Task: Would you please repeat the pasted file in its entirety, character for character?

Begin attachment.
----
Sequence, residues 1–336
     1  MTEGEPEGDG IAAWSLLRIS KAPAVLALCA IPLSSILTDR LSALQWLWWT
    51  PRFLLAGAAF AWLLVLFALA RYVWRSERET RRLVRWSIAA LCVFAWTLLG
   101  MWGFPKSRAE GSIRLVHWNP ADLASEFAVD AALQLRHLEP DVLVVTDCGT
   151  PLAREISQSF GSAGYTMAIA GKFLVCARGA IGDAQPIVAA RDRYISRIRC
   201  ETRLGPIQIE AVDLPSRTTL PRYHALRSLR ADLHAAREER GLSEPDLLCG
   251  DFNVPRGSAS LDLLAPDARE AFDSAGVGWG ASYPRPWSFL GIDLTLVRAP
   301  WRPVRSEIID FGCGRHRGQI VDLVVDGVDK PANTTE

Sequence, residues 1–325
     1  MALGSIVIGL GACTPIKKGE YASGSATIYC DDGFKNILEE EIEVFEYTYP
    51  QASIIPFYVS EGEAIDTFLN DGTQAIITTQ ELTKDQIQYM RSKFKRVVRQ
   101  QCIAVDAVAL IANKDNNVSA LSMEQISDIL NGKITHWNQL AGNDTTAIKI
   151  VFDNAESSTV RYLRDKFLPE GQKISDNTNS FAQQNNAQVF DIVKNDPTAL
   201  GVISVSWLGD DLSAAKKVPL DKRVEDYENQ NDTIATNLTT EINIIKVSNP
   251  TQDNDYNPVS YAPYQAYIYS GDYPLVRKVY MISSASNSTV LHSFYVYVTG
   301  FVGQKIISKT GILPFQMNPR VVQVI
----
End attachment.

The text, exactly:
Sequence, residues 1–336
     1  MTEGEPEGDG IAAWSLLRIS KAPAVLALCA IPLSSILTDR LSALQWLWWT
    51  PRFLLAGAAF AWLLVLFALA RYVWRSERET RRLVRWSIAA LCVFAWTLLG
   101  MWGFPKSRAE GSIRLVHWNP ADLASEFAVD AALQLRHLEP DVLVVTDCGT
   151  PLAREISQSF GSAGYTMAIA GKFLVCARGA IGDAQPIVAA RDRYISRIRC
   201  ETRLGPIQIE AVDLPSRTTL PRYHALRSLR ADLHAAREER GLSEPDLLCG
   251  DFNVPRGSAS LDLLAPDARE AFDSAGVGWG ASYPRPWSFL GIDLTLVRAP
   301  WRPVRSEIID FGCGRHRGQI VDLVVDGVDK PANTTE

Sequence, residues 1–325
     1  MALGSIVIGL GACTPIKKGE YASGSATIYC DDGFKNILEE EIEVFEYTYP
    51  QASIIPFYVS EGEAIDTFLN DGTQAIITTQ ELTKDQIQYM RSKFKRVVRQ
   101  QCIAVDAVAL IANKDNNVSA LSMEQISDIL NGKITHWNQL AGNDTTAIKI
   151  VFDNAESSTV RYLRDKFLPE GQKISDNTNS FAQQNNAQVF DIVKNDPTAL
   201  GVISVSWLGD DLSAAKKVPL DKRVEDYENQ NDTIATNLTT EINIIKVSNP
   251  TQDNDYNPVS YAPYQAYIYS GDYPLVRKVY MISSASNSTV LHSFYVYVTG
   301  FVGQKIISKT GILPFQMNPR VVQVI